Offshore U.S. Gulf energy operators have already paid a steep price; more pain could come.
Drilling in the Gulf of Mexico is now close to levels seen before the April 2010 Macondo spill that took 11 lives and caused the nation’s worst offshore oil spill. Almost two years after the disaster, companies operating in the Gulf are trying to comply with safety requirements finalized last year, according to the Bureau of Safety and Environmental Enforcement. BSEE’s new safety rules for offshore drillers set standards for casing and cementing, third-party certification and verification; blowout preventer capabilities, testing and documentation and well-control training. BSEE now requires documentation from rig operators that its contractors, including offshore supply vessel owners, have a Safety and Environmental Management System or SEMS program in place.
But offshore drilling remains inherently dangerous, and companies are in it to make a profit. The bigger ones report to shareholders. Testimony in the Gulf spill trial, underway in U.S. District Court in New Orleans, is alleging that offshore operators sometimes cut corners, putting profits above safety.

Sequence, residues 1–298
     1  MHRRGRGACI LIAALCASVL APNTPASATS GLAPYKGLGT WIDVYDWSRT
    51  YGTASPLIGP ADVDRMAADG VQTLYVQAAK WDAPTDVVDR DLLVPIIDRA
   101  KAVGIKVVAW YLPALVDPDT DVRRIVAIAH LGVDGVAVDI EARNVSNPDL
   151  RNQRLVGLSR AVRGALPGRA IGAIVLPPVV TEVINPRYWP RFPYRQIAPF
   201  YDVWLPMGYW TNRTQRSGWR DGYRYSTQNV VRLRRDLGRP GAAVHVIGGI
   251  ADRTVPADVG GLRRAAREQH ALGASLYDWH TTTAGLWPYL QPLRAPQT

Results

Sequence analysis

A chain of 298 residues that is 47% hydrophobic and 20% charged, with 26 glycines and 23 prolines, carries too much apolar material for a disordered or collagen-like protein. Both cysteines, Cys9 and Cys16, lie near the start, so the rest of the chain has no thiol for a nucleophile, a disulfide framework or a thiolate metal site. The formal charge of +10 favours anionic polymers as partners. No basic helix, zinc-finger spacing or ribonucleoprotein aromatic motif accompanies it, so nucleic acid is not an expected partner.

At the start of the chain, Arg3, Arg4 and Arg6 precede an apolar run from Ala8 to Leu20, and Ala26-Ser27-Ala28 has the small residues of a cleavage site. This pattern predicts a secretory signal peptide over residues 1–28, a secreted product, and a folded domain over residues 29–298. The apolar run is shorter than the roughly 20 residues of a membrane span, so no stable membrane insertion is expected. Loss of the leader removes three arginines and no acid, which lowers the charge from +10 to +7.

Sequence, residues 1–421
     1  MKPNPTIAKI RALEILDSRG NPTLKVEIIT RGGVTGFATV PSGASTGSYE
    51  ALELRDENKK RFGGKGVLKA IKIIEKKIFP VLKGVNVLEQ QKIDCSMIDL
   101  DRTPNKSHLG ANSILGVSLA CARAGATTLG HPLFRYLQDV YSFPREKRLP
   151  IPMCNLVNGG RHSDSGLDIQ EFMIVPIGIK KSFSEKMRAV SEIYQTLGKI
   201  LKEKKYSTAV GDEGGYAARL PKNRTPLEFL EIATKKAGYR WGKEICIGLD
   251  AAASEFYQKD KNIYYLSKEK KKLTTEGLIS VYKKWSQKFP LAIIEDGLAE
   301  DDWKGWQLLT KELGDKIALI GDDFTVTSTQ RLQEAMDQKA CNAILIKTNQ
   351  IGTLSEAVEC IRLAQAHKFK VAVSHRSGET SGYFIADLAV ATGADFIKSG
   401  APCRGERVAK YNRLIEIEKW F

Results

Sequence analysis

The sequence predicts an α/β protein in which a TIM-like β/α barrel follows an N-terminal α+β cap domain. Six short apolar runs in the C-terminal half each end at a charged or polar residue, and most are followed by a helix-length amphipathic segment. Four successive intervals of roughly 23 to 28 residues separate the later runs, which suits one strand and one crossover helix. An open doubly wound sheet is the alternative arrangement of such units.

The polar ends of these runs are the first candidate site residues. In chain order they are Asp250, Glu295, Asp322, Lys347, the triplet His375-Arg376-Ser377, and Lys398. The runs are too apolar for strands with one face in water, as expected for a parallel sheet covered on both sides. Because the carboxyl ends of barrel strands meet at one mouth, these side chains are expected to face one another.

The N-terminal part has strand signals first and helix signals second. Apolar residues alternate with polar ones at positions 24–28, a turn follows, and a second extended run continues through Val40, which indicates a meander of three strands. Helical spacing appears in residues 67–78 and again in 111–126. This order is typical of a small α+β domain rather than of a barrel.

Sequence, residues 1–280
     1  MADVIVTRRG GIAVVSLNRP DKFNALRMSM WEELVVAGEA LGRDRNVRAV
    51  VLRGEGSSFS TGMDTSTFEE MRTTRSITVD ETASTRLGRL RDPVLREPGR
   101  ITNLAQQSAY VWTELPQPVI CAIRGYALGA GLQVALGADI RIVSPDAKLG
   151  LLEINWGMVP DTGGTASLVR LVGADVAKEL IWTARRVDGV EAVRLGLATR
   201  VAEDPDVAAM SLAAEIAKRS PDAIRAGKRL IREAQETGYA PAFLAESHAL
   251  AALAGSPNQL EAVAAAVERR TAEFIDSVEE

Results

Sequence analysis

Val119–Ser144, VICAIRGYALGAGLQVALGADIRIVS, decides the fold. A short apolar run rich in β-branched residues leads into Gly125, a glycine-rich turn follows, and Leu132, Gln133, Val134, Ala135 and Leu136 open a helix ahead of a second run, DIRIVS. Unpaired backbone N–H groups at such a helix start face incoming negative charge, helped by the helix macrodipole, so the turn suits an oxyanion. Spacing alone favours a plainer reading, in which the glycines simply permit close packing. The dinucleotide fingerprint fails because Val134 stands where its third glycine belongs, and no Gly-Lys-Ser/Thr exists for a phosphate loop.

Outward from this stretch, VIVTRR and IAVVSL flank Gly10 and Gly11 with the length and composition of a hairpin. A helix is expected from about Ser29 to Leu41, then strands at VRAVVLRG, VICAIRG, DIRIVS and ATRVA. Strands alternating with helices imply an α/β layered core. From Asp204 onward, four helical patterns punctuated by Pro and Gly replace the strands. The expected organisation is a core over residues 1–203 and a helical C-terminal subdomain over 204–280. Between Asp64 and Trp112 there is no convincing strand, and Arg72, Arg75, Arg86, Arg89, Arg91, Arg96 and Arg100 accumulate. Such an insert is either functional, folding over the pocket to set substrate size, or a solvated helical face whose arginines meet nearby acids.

Before the spill, government fines for violations were considered a cost of doing business. And even with new regulations and heightened awareness about safety, a temptation to defer maintenance on vessels and equipment remains. Fines for failing to comply in a timely way arguably weren’t particularly burdensome before the 2010 spill and still aren’t.
Trial Examines Profits vs. Safety
In an admiralty trial that began on Feb. 25 without a jury, U.S. District Judge Carl Barbier in New Orleans is deciding blame between Transocean, BP and Halliburton in the Macondo well explosion. Swiss-based Transocean, the world’s top offshore drilling contractor, owned the Deepwater Horizon rig at the well. U.K.-based BP PLC leased the site from the feds and operated the well. Halliburton, headquartered in Houston and Dubai, was contracted by BP to provide cement.
Judge Barbier also considered liability on the part of Cameron, the maker of the blowout preventer sold to Transocean, and M-I LLC, which was contracted by BP to provide drilling fluids. But Barbier dismissed charges against Cameron and M-I in mid-March, saying he’d heard nothing to indicate they contributed to the blowout.
Testimony about what happened on the Deepwater Horizon, a submersible drilling unit, has focused on negligence in a dangerous, offshore environment. In the accident, workers prepared to temporarily cap the Macondo well more than 4,000 feet under water when it exploded.